Clegg is still misleading voters over tuition fees

The Deputy PM is wrong to claim that there was "no money around" for the pledge.

Nick Clegg's apology for breaking the Lib Dems' tuition fees pledge (or rather, for adopting it in the first place) was an attempt at candour, so it's unfortunate that he's still misleading voters over why it was abandoned. Clegg's explanation was that there was "no money around" but, to take only the most recent example, we learned yesterday that the banks paid out £13bn in bonuses last year. In some parts of the economy, at least, there is plenty of money around - the pledge could have been met through progressive taxation. In addition, even in these austere times, the government spent £693bn in 2011, a small fraction of which could have been used to freeze fees. It would be more honest to say that there was money around but the Lib Dems chose not to spend it on universities (we now know that they didn't even push for the pledge to be kept during the coalition negotiations).

What makes Clegg's statement even more disingenuous is that, in the short-term, the decision to raise tuition fees won't save the government any money. Indeed, for the reminder of this parliament at least, the reforms will cost it more, not less. The new fees only came into effect this year, which means repayments won't begin until 2015 for a three-year course. In the intervening period, the government will be forced to pay out huge amounts in maintenance loans and tuition-fee loans. Clegg wants you to believe that the decision to triple fees from £3,000 to £9,000 was a deficit reduction measure but, as the numbers show, it was nothing of the sort.

Nick Clegg apologised for promising not to increase tuition fees in a televised broadcast last night. Photograph: Getty Images.

George Eaton is political editor of the New Statesman.

Photo: Getty
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As crime moves online, the police need the investment in technology to follow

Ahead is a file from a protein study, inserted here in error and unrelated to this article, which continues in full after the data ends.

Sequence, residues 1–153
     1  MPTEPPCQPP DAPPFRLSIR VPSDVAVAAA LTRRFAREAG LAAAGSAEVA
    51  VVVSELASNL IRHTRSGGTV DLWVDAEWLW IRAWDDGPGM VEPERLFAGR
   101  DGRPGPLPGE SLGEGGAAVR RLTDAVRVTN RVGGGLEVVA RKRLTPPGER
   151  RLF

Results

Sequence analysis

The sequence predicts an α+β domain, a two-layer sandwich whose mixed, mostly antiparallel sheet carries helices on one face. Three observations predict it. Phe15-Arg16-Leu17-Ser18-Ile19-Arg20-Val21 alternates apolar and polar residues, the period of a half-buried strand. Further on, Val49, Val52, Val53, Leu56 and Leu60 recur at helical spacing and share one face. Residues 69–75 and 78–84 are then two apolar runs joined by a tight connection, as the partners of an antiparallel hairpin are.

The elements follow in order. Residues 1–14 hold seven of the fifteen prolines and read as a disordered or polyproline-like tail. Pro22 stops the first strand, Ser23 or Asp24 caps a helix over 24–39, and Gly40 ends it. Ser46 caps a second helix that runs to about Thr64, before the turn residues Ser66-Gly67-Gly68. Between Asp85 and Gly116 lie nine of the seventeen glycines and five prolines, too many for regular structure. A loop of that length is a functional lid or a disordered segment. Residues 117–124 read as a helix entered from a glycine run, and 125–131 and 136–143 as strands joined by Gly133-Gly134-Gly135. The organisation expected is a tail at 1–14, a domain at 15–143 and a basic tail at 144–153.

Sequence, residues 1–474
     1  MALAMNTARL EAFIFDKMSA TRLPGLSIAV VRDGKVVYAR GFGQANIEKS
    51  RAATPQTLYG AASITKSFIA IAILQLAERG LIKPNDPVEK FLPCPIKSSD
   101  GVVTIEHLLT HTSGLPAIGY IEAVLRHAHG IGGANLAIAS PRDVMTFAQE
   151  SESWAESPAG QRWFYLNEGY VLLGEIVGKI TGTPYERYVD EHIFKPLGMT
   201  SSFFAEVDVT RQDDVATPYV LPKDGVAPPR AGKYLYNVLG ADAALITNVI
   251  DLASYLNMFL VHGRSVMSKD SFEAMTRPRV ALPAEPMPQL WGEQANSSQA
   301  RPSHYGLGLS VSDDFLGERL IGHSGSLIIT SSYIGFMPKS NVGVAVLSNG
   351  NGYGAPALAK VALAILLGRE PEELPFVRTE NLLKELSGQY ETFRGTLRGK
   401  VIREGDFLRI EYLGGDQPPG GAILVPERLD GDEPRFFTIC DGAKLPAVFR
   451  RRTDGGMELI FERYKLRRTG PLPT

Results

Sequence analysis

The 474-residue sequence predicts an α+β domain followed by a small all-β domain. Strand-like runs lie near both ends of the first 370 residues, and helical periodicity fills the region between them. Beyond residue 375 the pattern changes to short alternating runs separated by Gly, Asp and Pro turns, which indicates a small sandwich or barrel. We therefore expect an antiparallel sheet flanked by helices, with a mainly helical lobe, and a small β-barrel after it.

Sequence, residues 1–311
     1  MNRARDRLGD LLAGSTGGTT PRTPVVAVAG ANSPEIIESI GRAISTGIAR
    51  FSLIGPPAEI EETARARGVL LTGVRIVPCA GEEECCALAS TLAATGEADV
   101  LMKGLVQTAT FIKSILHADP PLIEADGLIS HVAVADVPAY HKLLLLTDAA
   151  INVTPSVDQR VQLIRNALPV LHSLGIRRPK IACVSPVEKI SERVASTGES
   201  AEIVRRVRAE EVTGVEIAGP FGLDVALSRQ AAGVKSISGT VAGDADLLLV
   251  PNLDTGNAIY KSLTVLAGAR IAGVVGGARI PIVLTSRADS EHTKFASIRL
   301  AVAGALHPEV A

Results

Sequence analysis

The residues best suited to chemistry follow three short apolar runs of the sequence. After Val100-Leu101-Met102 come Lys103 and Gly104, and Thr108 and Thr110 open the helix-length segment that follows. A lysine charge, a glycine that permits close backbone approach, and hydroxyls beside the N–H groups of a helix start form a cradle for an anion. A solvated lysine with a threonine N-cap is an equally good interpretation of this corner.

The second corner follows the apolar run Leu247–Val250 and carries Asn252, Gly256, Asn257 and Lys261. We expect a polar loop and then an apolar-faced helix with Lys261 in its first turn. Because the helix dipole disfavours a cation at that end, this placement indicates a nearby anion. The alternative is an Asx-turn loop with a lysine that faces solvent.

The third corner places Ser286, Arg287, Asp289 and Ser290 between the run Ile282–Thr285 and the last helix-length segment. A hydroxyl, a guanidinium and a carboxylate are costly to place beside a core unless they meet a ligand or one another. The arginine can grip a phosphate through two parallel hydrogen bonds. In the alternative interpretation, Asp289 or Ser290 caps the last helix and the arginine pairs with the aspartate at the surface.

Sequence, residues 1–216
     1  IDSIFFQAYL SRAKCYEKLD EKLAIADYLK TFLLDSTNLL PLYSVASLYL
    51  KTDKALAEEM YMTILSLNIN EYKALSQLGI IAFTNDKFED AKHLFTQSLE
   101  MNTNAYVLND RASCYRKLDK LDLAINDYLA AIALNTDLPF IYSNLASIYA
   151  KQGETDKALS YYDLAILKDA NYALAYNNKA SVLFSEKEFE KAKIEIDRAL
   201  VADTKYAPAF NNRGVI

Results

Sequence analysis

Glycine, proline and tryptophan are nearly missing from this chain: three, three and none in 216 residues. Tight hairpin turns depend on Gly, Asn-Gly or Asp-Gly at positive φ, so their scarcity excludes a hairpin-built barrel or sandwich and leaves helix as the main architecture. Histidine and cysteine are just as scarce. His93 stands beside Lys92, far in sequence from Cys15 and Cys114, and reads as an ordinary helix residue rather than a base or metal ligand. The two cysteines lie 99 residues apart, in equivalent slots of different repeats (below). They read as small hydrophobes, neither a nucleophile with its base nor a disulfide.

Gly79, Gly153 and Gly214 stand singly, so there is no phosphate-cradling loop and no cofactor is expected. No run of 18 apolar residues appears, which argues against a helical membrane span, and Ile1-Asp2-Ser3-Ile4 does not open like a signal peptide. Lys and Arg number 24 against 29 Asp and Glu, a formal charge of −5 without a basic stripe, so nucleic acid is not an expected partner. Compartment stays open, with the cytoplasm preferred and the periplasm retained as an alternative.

Technology offers solutions, not just threats.

It’s perhaps inevitable that as the world becomes more digital, so does crime. This week Alison Saunders, director of public prosecutions, recognised that online crime is as serious as face-to-face crime. “Hate is hate,” Saunders wrote referring to internet abuse, and the police should protect people from it wherever they are. This will add demand to under-pressure police forces. And it is only the tip of the iceberg. 

Forty-seven per cent of crime involves an online element. Police recorded 30,000 instances of online stalking and harassment last year. People are 20 times more likely to be a victim of fraud than robbery, costing businesses an estimated £144bn a year. On a conservative estimate, 2,500 UK citizens use the anonymous dark web browser, Tor, for illegal purposes such as drug dealing, revenge porn and child sexual exploitation.

The police need new technology to meet demand, a Reform report published today finds. Some progress has been made in recent years. West Midlands Police uses an online portal for people to report incidents. Durham uses evidence-gathering software to collect social media information on suspects, and then instantly compile a report that can be shared with courts. Police have benefited from smartphones to share information, and body-worn cameras, which have reduced complaints against police by 93 per cent.

Yet, Theresa May’s 2016 remarks that police use “technology that lags woefully behind what they use as consumers” still stand. Officers interviewed for Reform’s research implored: “Give us the tools to do our job”.

Online evidence portals should be upgraded to accept CCTV footage. Apps should be developed to allow officers to learn about new digital threats, following the US army’s library of knowledge-sharing apps. Augmented-reality glasses are being used in the Netherlands to help officers identify evidence at digital crime scenes. Officers would save a trip back to the station if they could collect fingerprints on smartphones and statements on body-worn cameras.

New technology requires investment, but forces are reducing the resources put into IT as reserves have dried up. Durham plans to cut spend by 60 per cent between 2015-16 and 2019-20. The government should help fund equipment which can meet demand and return future productivity savings. If the Home Office invested the same as the Department of Health, another department pushing “transformative” technology, it would invest an extra £450m a year. This funding should come from administrative savings delivered through accelerating the Government’s automation agenda, which the think tank Reform has previously calculated would save Whitehall £2.6bn a year.

As crime moves online, police must follow. Saunders is right to point to the importance of meeting it. But technology offers solutions, not just threats. Installing the next generation of equipment will give police the tools to do their jobs, addressing online hate and more. 

Alexander Hitchcock is a senior researcher at reform